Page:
Drivers will soon be able to recharge their EV at Shell petrol stations in Europe in the time it takes to fill a tank with unleaded.
The world’s second biggest oil company has entered into a venture with Munich-based charging network operator IONITY, which itself is a consortium between the BMW Group, Daimler, Ford and the Volkswagen Group – which all have electric vehicle programs in place.
Shell says the fast charging points, capable of charging cars in around the same time it takes to fill a fuel tank, will initially be installed at 80 of the biggest motorway Shell fuel stations in Belgium, Britain, France, the Netherlands, Austria, Czech Republic, Hungary, Poland, Slovakia and Slovenia.
In addition, IONITY is also partnering with other fuel retailers to expand it network through other parts of Europe including Ireland, Germany, Scandinavia, Estonia, Latvia and Lithuania.
It’s claimed it will take little as five to eight minutes on average to charge an electric vehicle at the petrol stations. However, that figure is dependent on a 350kW charging rate (three times that of Tesla’s Superchargers) and vehicles capable of handling that kind of power are still at least couple of years away.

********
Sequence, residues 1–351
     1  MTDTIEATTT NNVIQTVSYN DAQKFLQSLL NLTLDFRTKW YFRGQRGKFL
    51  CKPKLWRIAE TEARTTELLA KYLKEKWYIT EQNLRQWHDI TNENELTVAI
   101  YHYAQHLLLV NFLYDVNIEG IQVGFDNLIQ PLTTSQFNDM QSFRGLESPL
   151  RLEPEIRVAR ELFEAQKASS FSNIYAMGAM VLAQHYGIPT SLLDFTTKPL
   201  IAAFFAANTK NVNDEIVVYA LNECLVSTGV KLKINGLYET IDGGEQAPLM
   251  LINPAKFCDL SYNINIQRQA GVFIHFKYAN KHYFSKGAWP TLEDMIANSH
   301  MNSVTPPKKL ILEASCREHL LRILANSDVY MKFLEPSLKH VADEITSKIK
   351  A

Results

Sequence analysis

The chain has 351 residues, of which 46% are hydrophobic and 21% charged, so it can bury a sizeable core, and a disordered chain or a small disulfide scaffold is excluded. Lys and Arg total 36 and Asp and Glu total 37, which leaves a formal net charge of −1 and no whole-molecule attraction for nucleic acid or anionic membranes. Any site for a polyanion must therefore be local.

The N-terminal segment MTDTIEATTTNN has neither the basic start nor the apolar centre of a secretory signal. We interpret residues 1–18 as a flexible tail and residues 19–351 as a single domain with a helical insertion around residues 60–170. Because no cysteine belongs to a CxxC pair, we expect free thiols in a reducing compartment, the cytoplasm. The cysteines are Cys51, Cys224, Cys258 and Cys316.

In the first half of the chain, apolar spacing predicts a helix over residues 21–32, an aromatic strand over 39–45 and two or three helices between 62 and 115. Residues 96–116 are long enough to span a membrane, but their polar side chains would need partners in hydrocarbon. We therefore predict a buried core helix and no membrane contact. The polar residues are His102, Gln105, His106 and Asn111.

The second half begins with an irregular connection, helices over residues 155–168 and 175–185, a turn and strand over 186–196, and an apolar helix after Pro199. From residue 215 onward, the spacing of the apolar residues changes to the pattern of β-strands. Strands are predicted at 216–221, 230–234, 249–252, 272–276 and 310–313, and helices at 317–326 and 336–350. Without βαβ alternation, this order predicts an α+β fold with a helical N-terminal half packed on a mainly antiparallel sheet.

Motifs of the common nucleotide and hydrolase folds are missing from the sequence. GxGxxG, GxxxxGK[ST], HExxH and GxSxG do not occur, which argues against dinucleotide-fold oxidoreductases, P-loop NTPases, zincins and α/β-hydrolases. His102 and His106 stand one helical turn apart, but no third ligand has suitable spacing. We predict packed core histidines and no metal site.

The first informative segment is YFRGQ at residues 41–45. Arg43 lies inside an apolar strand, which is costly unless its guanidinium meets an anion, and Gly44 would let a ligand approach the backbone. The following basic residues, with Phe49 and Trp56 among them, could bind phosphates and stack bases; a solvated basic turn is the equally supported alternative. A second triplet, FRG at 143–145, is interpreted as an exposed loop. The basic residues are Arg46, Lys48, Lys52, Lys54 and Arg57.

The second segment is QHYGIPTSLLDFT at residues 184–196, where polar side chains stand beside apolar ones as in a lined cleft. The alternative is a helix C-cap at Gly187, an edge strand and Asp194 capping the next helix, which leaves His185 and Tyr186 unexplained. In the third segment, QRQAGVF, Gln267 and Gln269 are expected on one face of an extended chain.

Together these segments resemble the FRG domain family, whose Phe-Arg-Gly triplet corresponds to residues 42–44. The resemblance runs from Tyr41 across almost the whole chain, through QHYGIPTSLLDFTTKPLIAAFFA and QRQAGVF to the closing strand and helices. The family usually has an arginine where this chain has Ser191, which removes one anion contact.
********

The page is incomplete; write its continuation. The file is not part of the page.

The endeavour follows Shell’s acquisition last month of NewMotion, Europe’s largest electric-vehicle charging provider, which has 50,000 public charging sites. The buyout coincided with the installation of Shell’s own charging points at petrol stations in the UK.
The Netherlands-based multinational is looking ahead to a future beyond oil and has already announced that it wants 20 percent of profitable income from fuel sold at its petrol stations to come from vehicles without petrol or diesel combustion engines.
Will the network expand to Australia any time soon? Don’t hold your breath. Putting aside the fact that Australian governments and business have been slow invest in EV infrastructure, Shell’s retail fuel business in Australia is licenced to a separate company, Viva Energy Australia, which puts it at arm’s length from the European business.
WhichCar has contacted Viva Energy and Shell Australia to see if there are any plans to roll out EV chargers across the Shell network in Australia.
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